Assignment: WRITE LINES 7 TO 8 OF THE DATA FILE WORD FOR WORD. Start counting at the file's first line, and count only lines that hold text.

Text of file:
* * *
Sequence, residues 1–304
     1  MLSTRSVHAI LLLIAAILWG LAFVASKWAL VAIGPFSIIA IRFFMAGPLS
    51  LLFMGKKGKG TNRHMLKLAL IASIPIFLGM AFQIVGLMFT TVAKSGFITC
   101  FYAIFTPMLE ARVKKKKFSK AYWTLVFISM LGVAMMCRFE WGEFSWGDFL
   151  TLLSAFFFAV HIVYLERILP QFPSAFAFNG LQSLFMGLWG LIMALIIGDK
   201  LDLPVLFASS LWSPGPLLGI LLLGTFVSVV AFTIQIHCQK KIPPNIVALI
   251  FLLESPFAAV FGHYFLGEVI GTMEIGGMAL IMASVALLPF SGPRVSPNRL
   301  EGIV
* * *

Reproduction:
   251  FLLESPFAAV FGHYFLGEVI GTMEIGGMAL IMASVALLPF SGPRVSPNRL
   301  EGIV